#TwoSisters #KerryWilkinson #Review
Megan was ten years old when her older brother, Zac, went missing among the cliffs, caves and beaches that surround the small seaside town of Whitecliff.
A decade later and a car crash has claimed the lives of her parents.
Megan and her younger sister Chloe return to Whitecliff one summer for the first time since their brother’s disappearance. Megan says it’s to get her parents’ affairs in order. There are boxes to pack, junk to clear, a rundown cottage to sell. But that’s not the real reason.
Megan has come to confront her family’s past after receiving a postcard on the day of her parents’ funeral. It had a photograph of Whitecliff on the front and a single letter on the back.
‘Z’ is all it read. Z for Zac.
I think the most striking thing about this novel is the protagonist, Megan. She is a complicated character with huge emotional issues which are revealed in the very opening pages. The novel starts with the shocking news that her parents are dead.
"I've screwed up because instinct is hard to fake. I should be breaking down, throwing my hands in to the air. I should have questions. The who, what, where, why and how. That's what normal people ask."
From the outset it is clearly established that Megan is not going to react to her tragic situation in the same way many others would and that immediately creates intrigue. It immediately raises questions about what has happened to her in the past, about her relationship with her parents and about why she appears so calm, unemotional and detached. It's a good hook for a first chapter and prepares us for a story with a character who is heavily flawed; not always easy to like and is not always easy to understand. However over the next couple of hundred pages she will reveal to us why she thinks, feels, acts and behaves in this way and illicit sympathy - or empathy - from the reader.
Wilkinson has created a character who suffers from a very complicated mental illness. Throughout the novel this issue is handled sensitively, carefully and thoughtfully. It is interwoven into the plot so it gradually reveals the depth of the characters unhappiness and why she has such need for control. At first I was a little unsure if it was really needed at times, but it is done well so I think my reservations were unfounded. This aspect of the story doesn't distract, dominate or add unnecessary melodrama to the main plot.
Megan needs control to her life. She needs to make her own decisions and feel as if she is making them - even when the reader is dubious about the risk or consequence, Megan is buried deep inside herself . She is so focused on finding Zac that nothing else seems to matter. Her search is almost obsessive and the new relationships she tries to form or rekindle when back at Whitecliff are dominated by her need to uncover the truth. Megan is direct, focussed and often unaware of her words and their effect.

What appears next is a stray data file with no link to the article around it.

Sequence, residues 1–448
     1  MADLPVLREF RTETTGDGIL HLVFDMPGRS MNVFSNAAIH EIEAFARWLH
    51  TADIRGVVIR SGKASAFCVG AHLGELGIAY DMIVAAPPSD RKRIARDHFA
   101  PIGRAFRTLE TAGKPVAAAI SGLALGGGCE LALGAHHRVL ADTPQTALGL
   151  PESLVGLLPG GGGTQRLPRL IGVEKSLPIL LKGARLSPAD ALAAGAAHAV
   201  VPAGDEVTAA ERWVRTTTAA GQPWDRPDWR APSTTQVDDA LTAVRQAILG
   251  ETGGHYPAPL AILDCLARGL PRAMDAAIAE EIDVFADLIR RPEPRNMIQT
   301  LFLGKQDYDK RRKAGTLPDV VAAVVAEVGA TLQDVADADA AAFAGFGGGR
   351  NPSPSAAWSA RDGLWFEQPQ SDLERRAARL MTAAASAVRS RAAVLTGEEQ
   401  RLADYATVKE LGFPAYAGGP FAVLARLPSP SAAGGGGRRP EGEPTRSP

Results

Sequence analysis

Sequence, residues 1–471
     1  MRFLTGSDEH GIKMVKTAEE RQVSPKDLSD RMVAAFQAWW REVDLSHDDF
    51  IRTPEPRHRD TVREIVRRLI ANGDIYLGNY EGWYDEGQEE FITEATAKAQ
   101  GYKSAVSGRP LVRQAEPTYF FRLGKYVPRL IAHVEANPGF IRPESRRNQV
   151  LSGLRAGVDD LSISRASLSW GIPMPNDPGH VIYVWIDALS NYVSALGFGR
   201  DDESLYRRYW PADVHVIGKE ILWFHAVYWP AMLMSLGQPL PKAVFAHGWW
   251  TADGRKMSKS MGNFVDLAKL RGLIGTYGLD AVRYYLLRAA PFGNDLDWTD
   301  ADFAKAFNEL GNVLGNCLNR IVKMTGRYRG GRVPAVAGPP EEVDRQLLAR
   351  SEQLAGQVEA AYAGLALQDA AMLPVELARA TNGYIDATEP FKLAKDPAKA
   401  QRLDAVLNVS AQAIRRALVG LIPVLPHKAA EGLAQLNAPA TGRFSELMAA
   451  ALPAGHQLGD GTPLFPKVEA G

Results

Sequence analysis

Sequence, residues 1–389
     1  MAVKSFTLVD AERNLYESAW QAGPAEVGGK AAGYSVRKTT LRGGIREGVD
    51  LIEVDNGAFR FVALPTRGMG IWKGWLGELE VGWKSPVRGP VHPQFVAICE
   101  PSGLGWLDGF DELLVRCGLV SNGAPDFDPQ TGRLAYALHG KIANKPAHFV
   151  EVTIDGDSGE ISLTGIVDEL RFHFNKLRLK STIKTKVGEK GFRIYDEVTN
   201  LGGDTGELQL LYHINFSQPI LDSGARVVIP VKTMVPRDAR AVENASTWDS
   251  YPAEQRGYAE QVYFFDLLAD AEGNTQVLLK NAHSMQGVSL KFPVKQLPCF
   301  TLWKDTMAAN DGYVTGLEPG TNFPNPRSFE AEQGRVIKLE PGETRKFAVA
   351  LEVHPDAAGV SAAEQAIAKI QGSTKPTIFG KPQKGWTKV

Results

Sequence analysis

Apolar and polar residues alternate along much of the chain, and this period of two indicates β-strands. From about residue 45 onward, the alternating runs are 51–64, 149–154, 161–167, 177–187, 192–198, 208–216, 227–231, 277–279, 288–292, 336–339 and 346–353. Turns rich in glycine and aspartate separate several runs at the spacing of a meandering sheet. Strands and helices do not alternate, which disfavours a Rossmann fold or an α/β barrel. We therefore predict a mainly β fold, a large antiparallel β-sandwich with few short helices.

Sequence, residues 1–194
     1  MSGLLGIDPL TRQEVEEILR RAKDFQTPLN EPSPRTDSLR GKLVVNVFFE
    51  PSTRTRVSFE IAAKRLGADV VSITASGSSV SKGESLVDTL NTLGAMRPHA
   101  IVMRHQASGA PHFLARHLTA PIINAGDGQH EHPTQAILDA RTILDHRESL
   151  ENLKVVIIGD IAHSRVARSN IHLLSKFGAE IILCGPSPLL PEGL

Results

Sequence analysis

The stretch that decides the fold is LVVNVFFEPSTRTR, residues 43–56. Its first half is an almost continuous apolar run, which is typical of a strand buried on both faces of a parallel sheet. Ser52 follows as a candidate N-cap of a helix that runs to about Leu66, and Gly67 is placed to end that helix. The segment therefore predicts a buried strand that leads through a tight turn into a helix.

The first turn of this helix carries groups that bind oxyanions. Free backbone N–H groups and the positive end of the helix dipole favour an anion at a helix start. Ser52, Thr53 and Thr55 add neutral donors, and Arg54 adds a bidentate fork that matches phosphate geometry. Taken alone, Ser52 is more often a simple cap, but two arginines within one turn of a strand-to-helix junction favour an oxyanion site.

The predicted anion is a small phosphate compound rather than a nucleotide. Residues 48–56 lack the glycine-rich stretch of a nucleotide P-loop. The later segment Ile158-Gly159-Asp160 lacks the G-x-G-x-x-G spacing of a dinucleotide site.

"Last time I was here," I say, "my brother went missing."
With the use of flashbacks and remembered conversations, Megan's relationship with her mother is revealed which also shows why perhaps Megan's need for control is so strong. She confesses that "I don't usually let me guard down this much," and so the reader is once more intrigued when this starts to change. I think this novel is as much about Megan and her emotional journey as it is the twist and turns we look out for in a thriller.
This is a novel with a dramatic premise - sisters Megan and Chloe are suddenly orphaned and retuning to a family retreat to find out the truth behind their brother's disappearance. But it is also a novel that explores some very interesting themes like nurture, absent parents, siblings, control and the life of small communities. It is a bit of a slow burner and Wilkinson strikes a good balance between solving a mystery as well as following the emotional journey of Megan.
It is a story about two sisters but it is also about bad parenting, the influence of a mother, the effects of parenting and parental decisions. It is about lies, deception and buried secrets. There are also some interesting observations about small communities and the merging of superstitions and traditions that they believe or uphold.
I also enjoyed the setting of the novel. The beaches, caves and landscape are described clearly and add another layer of tension and suspense to the novel.
This is a psychological thrilling novel but it is more of a slow burner and tackles a lot of issues. I think this book could generate an interesting discussion in book groups about the role of the parent and the memories of her parent. There's a lot to get to grips with and the author is in not massive rush to get us to the end, which is a good thing because you will want to stay in the setting of this novel and stay with Megan.
Two Sisters is published on 23rd June 2017 with Bookouture.
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